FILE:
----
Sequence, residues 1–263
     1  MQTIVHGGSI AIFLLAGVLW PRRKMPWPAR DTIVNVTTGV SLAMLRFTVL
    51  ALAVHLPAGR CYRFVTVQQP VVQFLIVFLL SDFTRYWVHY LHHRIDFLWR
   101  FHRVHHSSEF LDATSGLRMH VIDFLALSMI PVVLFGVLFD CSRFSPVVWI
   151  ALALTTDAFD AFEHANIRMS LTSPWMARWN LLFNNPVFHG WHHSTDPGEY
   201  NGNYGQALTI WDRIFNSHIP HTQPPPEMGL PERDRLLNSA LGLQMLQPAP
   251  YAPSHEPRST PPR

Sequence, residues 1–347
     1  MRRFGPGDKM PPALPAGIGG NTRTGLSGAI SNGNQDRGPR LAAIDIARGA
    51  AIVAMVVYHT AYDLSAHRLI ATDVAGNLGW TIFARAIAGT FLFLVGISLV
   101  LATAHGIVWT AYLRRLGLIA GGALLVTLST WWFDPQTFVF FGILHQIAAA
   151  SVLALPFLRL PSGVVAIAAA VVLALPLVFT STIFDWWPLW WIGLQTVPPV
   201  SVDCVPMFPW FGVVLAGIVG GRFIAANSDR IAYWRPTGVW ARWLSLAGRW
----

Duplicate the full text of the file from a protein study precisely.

Sequence, residues 1–263
     1  MQTIVHGGSI AIFLLAGVLW PRRKMPWPAR DTIVNVTTGV SLAMLRFTVL
    51  ALAVHLPAGR CYRFVTVQQP VVQFLIVFLL SDFTRYWVHY LHHRIDFLWR
   101  FHRVHHSSEF LDATSGLRMH VIDFLALSMI PVVLFGVLFD CSRFSPVVWI
   151  ALALTTDAFD AFEHANIRMS LTSPWMARWN LLFNNPVFHG WHHSTDPGEY
   201  NGNYGQALTI WDRIFNSHIP HTQPPPEMGL PERDRLLNSA LGLQMLQPAP
   251  YAPSHEPRST PPR

Sequence, residues 1–347
     1  MRRFGPGDKM PPALPAGIGG NTRTGLSGAI SNGNQDRGPR LAAIDIARGA
    51  AIVAMVVYHT AYDLSAHRLI ATDVAGNLGW TIFARAIAGT FLFLVGISLV
   101  LATAHGIVWT AYLRRLGLIA GGALLVTLST WWFDPQTFVF FGILHQIAAA
   151  SVLALPFLRL PSGVVAIAAA VVLALPLVFT STIFDWWPLW WIGLQTVPPV
   201  SVDCVPMFPW FGVVLAGIVG GRFIAANSDR IAYWRPTGVW ARWLSLAGRW